Monday, 21 April 2014

Spring migration... at last!

Quite simply the most enjoyable morning's birding in the last 6 years. It was a morning full of surprises, with birds everywhere and really felt like spring. It began with the first singing Lesser Whitethroat since 2011(!), which graced the main hedgerow behind the village, along with singing Blackcaps, Whitethroats, Willow Warblers and Chiffchaffs. A Raven, the second of the year, flew over calling. Swallows skimmed the top of the winter wheat, all heading north:
I headed along the path to the north of the village. A Buzzard swooped down and tried to take a Red-legged Partridge from the wheat, which escaped by rapidly flying off downhill. I could hear the first Yellow Wagtails calling, fresh in from South Africa. I finally found one on the main fenceline. Perhaps they feel camouflaged out here?
Then the first big moment. A ball of orange and white zipped past at knee height some 10 metres from me, white wing patches flashing like a butterfly: a superb male Whinchat! The first ever spring record here and only the 4th ever, all the previous records are in August. Unfortunately my dreams of getting a decent image of this beautiful species disappeared as rapidly as the bird itself. It landed for a millisecond on the track...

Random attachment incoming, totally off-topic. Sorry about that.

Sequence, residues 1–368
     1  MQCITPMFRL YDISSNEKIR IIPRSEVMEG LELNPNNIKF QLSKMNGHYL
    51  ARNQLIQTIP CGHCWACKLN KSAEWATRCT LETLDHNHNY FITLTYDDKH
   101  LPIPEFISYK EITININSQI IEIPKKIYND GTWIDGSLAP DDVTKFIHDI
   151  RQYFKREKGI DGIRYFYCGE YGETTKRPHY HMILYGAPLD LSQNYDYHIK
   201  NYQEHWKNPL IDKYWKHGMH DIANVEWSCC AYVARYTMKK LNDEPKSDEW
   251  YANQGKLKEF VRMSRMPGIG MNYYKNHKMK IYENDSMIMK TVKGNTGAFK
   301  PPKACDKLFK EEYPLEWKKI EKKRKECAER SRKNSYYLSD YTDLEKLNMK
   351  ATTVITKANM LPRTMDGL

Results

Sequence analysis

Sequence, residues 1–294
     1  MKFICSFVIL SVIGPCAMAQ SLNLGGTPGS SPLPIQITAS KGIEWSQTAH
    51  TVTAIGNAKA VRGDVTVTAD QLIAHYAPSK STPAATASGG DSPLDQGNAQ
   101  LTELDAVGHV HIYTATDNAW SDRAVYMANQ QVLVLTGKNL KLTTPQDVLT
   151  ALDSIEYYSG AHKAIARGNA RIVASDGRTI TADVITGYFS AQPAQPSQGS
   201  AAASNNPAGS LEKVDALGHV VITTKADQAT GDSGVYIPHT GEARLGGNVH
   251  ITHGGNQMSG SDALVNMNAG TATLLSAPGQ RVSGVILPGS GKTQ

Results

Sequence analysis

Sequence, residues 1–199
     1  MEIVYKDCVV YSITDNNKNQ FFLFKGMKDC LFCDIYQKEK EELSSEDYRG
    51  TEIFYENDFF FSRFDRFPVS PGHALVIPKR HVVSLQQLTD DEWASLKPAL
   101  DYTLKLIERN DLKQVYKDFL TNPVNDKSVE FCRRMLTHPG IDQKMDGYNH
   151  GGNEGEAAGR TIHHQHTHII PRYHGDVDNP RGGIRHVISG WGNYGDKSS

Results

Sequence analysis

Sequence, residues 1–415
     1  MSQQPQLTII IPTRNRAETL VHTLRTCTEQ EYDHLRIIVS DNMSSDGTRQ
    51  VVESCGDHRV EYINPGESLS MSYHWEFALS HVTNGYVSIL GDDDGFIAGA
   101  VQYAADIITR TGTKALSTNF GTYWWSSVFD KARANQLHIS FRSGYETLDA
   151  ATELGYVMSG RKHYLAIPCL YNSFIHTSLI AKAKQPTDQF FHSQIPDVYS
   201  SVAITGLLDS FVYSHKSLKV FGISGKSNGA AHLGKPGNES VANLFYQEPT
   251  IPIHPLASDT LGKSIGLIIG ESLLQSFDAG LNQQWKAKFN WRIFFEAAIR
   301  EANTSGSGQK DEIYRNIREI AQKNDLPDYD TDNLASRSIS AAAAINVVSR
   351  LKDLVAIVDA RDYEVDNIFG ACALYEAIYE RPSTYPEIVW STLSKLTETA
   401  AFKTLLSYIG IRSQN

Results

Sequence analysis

... before flying to perch the best part of a kilometer away:
It is a great testament to modern camera equipment that at that distance it is still possible to get a record shot. It remained for 5 seconds and then flew strongly north:
Delighted with this find, I continued on, finding another Yellow Wagtail, a far more co-operative singing male:

And then, the second big moment of the morning. From the scrub at the bottom of the small valley to the north of the village came the unmistakable sound of a singing Grasshopper Warbler. Now this is a species I have local history with.  On 25th April 2010 I heard a one second burst of song from the hedgerow behind the village which I am 99.9% sure was a Grasshopper Warbler. But it never sang again and I never saw the bird. Not enough for a satisfactory identification. Every spring since I have searched in vain for another. Until this morning, when the reeling, insect-like song that gives the species it's name, came pouring from this bush:

Having waited 4 years to catch up with this species it was not going to escape me. Grasshopper Warblers are difficult to see, singing mainly from within cover. But I sat patiently and waited. And waited some more. Eventually I began to get glimpses of this notorious sulker:

It once came out into the sunshine... 

... but mostly remained hidden, singing from deep within the scrub:

Two new species for the Cuddesdon area in a mere 4 days, and the holy trinity of scarce passage migrants (Redstart, Whinchat and Wheatear) already recorded for the year. This has to be my most productive spring migration period yet in the Cuddesdon area.  And could the new species be more contrasting? One an exotic introduced duck, the other a sulking native breeding warbler, better know for it's song than it's looks. 

83 species for the year. 106 bird species (+2 escaped species) for the area since 2008

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